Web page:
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The dispute between Britain and Mauritius over Chagos islands

Topics Covered:

  1. Effect of policies and politics of developed and developing countries on India’s interests, Indian diaspora.


The dispute between Britain and Mauritius over Chagos islands


What to study?

For Prelims and Mains: About ICJ, implications of its advisory opinion, Chagos islands and about the dispute.


Context: The UK should end its control of the Chagos Islands in the Indian Ocean “as rapidly as possible”, the UN’s highest court has said. The International Court of Justice said the islands were not lawfully separated from the former colony of Mauritius.

The UK Foreign Office said: “This is an advisory opinion, not a judgment.”

What’s the issue?

Britain detached the Chagos Islands from Mauritius in 1965, three years before Mauritian independence. From 1967 to 1973, some 1,500 Chagos islanders were gradually forced to leave their homes so that the largest island, Diego Garcia, could be leased to the US for a strategic airbase. Today, Diego Garcia hosts a major US military base.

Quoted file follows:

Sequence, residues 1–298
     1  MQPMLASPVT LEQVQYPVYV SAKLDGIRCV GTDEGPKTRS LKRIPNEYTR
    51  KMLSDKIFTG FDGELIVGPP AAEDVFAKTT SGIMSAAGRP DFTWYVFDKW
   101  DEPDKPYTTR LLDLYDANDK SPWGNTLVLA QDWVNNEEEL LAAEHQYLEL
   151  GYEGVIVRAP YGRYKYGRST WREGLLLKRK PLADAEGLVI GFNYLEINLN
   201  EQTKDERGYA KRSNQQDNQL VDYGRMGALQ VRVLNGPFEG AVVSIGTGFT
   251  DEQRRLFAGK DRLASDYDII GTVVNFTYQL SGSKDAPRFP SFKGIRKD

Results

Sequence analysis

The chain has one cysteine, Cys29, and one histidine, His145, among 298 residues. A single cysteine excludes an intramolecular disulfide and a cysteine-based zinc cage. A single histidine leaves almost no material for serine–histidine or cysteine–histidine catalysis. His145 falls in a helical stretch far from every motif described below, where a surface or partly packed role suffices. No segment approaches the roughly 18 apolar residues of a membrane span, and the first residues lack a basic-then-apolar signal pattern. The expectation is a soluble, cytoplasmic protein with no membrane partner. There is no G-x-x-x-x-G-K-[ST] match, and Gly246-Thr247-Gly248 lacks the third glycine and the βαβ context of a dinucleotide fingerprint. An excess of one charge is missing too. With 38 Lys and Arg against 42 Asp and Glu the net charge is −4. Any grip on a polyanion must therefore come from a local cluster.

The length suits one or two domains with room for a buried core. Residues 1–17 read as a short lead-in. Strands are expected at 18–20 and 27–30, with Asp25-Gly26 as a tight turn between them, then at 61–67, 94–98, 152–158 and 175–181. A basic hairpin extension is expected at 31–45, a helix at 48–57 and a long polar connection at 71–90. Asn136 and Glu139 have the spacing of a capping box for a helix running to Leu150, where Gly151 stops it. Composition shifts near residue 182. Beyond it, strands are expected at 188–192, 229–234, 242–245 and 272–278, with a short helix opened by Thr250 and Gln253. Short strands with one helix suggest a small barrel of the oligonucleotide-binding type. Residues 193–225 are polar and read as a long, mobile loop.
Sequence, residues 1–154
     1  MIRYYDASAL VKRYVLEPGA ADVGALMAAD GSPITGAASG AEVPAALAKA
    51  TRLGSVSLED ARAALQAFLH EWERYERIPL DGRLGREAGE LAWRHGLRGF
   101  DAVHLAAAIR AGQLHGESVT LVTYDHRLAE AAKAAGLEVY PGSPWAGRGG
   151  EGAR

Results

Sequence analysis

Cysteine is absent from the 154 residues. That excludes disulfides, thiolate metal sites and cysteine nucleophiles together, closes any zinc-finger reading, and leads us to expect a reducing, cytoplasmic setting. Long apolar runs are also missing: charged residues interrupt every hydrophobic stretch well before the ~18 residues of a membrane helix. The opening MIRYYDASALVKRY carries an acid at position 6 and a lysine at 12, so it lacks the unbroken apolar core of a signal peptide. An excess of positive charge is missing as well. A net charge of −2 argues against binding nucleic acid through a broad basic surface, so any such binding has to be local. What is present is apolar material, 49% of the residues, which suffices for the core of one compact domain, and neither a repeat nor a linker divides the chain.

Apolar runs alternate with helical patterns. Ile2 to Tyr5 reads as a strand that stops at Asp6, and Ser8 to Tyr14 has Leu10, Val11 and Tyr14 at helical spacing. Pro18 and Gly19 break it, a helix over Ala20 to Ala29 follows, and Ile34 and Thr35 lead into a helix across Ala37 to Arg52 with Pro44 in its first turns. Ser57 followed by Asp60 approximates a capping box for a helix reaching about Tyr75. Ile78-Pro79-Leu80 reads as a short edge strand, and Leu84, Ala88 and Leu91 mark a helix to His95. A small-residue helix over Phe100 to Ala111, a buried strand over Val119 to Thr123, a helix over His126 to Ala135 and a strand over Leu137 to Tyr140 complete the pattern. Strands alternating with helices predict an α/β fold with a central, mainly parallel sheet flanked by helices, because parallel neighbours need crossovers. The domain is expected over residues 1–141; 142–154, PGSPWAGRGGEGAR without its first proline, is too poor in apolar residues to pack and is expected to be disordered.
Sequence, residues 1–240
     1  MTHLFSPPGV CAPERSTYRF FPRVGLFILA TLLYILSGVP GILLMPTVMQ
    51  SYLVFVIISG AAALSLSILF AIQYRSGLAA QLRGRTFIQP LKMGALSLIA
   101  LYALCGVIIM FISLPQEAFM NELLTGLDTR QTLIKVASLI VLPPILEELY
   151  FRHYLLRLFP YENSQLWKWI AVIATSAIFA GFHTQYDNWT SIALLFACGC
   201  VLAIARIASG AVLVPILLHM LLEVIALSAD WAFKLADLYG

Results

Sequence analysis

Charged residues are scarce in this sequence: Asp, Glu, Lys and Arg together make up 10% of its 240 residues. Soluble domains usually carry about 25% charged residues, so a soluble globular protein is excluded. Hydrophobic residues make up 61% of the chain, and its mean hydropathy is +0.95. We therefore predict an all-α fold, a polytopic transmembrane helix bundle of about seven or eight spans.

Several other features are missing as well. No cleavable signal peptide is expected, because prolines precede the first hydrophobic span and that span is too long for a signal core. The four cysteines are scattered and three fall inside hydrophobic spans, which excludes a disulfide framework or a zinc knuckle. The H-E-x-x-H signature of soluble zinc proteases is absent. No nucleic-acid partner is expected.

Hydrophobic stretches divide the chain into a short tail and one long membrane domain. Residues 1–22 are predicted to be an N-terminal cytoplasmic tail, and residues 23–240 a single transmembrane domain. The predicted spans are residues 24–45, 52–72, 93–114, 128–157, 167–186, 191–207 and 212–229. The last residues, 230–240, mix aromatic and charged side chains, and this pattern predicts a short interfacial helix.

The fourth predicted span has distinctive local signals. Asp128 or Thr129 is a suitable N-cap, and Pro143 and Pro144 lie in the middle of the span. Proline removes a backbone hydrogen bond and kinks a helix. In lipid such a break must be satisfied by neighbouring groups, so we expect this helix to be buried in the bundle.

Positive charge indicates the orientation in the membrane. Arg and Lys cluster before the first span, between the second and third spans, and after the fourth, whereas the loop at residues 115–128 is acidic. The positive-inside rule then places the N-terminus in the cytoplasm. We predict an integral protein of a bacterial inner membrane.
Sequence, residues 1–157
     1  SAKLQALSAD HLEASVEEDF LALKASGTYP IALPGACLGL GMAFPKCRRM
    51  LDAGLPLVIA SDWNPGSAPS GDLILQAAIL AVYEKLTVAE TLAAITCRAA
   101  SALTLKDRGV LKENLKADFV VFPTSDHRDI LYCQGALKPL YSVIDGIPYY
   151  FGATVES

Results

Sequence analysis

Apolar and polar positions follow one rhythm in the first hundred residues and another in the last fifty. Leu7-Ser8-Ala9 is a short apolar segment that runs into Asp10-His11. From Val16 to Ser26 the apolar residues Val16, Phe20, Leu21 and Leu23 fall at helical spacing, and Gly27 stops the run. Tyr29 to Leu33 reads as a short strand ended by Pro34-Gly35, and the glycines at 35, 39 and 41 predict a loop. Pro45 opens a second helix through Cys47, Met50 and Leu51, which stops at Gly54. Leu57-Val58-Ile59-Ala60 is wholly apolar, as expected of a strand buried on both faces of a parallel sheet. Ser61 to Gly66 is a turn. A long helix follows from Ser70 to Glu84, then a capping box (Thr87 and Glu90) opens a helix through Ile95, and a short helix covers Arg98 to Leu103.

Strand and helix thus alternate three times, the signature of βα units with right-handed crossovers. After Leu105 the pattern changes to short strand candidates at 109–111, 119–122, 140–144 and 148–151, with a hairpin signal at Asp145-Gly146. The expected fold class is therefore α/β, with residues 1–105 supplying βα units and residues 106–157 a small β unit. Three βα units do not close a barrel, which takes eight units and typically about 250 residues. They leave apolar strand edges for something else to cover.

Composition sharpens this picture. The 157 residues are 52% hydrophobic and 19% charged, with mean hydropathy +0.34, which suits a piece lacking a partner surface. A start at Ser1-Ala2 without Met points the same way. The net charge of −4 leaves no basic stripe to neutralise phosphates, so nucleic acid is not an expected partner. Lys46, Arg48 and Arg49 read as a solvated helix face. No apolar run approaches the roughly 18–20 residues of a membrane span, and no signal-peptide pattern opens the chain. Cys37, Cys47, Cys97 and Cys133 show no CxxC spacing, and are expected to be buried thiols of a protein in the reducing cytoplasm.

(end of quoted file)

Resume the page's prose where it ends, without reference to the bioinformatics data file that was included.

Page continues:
In 2016, after several judicial challenges, Britain extended Diego Garcia’s lease until 2036 and declared that the expelled islanders would not be allowed to go back. In 2017, Mauritius successfully petitioned the United Nations to seek an ICJ advisory opinion on the legality of the separation.

Mauritius claims it was forced to give up the islands – now a British overseas territory – in 1965 in exchange for independence, which it gained in 1968.


Arguments by Mauritius:

Mauritius argues it was illegal for Britain to break up its territory. It claims sovereignty over the archipelago and demands the right to resettle former residents.

The crux of the Mauritian claim is the right of self-determination. In its submission to the court, the Mauritian government claimed that the separation of the islands from Mauritius was in clear breach of UN resolution 1514, also known as the Colonial Declaration. Passed in 1960, it enshrined the right of self-determination for colonial peoples and specifically banned the breakup of colonies prior to independence. This was intended to keep borders stable, and to prevent colonial powers from simply absorbing colonial territory into their overseas territory so as to retain their sovereignty.

Yet in spite of this resolution, a number of states (including France and the UK) kept possession of parts of their former colonies following the decolonisation process.


Implications of this judgment:

While ICJ advisory opinions are not binding, the ramifications of the opinion will be highly significant; an opinion in favour of Mauritius may strengthen their position in any future negotiations, as well as putting significant international pressure on the UK over the status of the territory.

But what could be particularly critical is the decision’s impact on far broader issues of post-colonial sovereignty, and the legitimacy of colonial era independence arrangements.


Sources: the hindu.